They also welcomed proposals to ban traffic police from owning matatus because the practice is a conflict of interest and a source of harassment for operators and workers.
Union members are urged to give evidence of wrongful arrests, detention of vehicles and police bribery to their unions for submission to the NPSC before 12,000 officers are vetted by the authorities from 12 March.
The meeting, from 23-25 February, was part of the ITF’s wider work to fight job insecurity and organise informal workers, who tend to have less pay, lower safety standards and jobs that can be terminated without notice. Reflecting the growth of unions in East Africa’s informal transport industry, it was attended by representatives of the Matatu Workers Union (MWU) and the Public Transport Operators Union (PUTON) in Kenya, along with their counterparts from Tanzania and Uganda.
The unions held talks with the National Transport and Safety Authority (NTSA) to establish a permanent platform for consultation with workers’ representatives in the matatu industry. Workers want NTSA regulations to be rigorously enforced, particularly those requiring formal employment contracts for drivers and conductors and an eight-hour limit on working hours.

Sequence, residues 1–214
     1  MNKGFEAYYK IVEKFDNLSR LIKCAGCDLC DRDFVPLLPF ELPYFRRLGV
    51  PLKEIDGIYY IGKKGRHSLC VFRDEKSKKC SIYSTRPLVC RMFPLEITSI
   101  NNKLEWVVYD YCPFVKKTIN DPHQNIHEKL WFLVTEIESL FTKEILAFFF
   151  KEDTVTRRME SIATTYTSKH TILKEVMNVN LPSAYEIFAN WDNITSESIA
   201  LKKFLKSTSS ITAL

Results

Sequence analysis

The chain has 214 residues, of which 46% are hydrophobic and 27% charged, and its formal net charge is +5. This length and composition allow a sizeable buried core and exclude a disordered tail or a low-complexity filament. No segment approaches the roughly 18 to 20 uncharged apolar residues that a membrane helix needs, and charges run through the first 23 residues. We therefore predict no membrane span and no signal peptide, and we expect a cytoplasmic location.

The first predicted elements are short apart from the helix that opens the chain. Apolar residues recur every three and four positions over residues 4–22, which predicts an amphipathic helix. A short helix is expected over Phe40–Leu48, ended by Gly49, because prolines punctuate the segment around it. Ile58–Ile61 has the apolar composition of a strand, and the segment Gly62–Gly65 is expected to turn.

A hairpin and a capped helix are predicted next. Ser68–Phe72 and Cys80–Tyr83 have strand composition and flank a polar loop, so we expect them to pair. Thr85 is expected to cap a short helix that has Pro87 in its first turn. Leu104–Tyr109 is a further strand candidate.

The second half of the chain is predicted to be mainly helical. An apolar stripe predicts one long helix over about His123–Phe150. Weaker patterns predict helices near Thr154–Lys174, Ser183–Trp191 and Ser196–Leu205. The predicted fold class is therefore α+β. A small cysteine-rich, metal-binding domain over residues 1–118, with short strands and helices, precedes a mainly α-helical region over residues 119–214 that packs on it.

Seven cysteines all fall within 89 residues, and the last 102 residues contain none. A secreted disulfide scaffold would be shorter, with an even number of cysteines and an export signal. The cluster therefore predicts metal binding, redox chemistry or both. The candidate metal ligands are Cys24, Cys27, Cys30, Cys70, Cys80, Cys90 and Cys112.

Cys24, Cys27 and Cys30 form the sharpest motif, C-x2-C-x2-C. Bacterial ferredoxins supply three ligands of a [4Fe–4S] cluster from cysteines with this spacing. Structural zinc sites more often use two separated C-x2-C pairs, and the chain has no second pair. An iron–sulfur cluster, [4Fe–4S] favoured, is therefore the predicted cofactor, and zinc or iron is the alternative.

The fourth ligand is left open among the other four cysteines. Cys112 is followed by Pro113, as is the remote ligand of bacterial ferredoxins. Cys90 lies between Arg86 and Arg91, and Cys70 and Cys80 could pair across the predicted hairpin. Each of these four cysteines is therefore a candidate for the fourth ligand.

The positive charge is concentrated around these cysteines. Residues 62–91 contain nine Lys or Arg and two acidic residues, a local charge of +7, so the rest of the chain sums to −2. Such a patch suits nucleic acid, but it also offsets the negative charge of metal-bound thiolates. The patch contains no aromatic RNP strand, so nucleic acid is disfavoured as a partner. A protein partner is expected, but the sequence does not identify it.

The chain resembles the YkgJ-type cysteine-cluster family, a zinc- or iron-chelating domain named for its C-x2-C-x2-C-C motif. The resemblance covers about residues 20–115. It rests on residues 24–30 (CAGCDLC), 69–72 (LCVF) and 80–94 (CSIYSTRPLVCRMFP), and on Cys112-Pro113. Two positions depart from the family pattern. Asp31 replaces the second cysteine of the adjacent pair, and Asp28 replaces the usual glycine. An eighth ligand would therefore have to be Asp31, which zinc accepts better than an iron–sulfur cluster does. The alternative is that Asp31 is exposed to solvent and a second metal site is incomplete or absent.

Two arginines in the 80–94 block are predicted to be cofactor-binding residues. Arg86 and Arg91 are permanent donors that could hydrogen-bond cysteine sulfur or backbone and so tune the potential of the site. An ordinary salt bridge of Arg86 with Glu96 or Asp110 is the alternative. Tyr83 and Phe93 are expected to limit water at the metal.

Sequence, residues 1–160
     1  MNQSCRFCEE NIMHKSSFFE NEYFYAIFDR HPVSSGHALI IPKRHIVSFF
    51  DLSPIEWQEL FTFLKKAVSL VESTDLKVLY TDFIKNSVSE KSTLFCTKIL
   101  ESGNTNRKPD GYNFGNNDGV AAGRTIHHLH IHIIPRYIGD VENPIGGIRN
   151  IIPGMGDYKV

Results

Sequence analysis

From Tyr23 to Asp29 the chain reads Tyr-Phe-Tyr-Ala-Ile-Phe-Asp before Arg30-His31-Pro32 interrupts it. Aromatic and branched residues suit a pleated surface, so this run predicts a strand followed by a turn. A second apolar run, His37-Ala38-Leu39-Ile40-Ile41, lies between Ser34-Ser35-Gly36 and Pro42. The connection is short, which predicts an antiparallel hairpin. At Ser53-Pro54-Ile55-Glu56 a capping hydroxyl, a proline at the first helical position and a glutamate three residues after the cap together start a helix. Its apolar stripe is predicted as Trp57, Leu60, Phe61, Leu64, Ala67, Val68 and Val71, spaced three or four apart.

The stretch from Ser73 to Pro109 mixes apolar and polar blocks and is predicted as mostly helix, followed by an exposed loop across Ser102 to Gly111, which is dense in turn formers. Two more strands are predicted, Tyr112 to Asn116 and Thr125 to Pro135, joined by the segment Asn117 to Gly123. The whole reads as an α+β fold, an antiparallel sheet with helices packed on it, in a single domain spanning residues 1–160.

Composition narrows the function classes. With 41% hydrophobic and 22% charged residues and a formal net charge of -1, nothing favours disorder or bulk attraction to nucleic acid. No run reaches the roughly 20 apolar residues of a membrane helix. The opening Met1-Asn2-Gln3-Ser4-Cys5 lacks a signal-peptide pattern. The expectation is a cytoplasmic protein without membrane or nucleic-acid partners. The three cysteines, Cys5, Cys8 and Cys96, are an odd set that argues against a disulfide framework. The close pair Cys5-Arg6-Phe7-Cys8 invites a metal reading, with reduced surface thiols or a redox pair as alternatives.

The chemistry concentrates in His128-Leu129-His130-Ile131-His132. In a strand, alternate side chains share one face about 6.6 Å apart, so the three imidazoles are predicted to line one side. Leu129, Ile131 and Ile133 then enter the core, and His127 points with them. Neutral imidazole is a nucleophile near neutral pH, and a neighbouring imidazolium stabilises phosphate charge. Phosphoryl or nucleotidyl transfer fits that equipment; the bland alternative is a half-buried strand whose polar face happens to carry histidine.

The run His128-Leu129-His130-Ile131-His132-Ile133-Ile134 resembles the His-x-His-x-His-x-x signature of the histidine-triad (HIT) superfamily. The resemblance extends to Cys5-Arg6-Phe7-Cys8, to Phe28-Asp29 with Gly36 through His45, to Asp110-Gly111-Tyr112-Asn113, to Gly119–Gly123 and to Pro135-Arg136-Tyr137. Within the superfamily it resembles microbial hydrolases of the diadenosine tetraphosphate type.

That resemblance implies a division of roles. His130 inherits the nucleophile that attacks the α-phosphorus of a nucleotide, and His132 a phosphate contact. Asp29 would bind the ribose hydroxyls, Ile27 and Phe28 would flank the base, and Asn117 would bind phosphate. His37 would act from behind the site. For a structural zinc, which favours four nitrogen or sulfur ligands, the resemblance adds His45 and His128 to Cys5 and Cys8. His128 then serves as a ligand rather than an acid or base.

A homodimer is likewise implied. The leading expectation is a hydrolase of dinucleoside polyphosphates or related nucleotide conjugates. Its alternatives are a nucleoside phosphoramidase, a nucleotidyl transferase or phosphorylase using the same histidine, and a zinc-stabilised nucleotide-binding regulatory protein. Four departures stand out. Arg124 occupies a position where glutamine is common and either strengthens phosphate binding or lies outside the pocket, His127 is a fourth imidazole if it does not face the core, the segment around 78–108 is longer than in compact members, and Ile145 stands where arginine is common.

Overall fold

ITF Africa regional secretary Joseph Katende said: “The root cause of harassment and corruption, lack of safety, and poor working conditions in the matatu industry is the failure of the authorities to enforce their own regulations, and the absence of labour rights.”
The unions agreed to intensify joint efforts to eradicate violence against women workers and passengers in the matatu industry, and to ensure that informal transport workers were represented in the planning and delivery of the Bus Rapid Transit (BRT) systems in the region, in order to avoid tensions between workers, including violence and threats.
Participants also shared their concerns about Uber. There have been a number of reported threats and attacks against Nairobi Uber drivers in recent weeks.
Read the newspaper report here.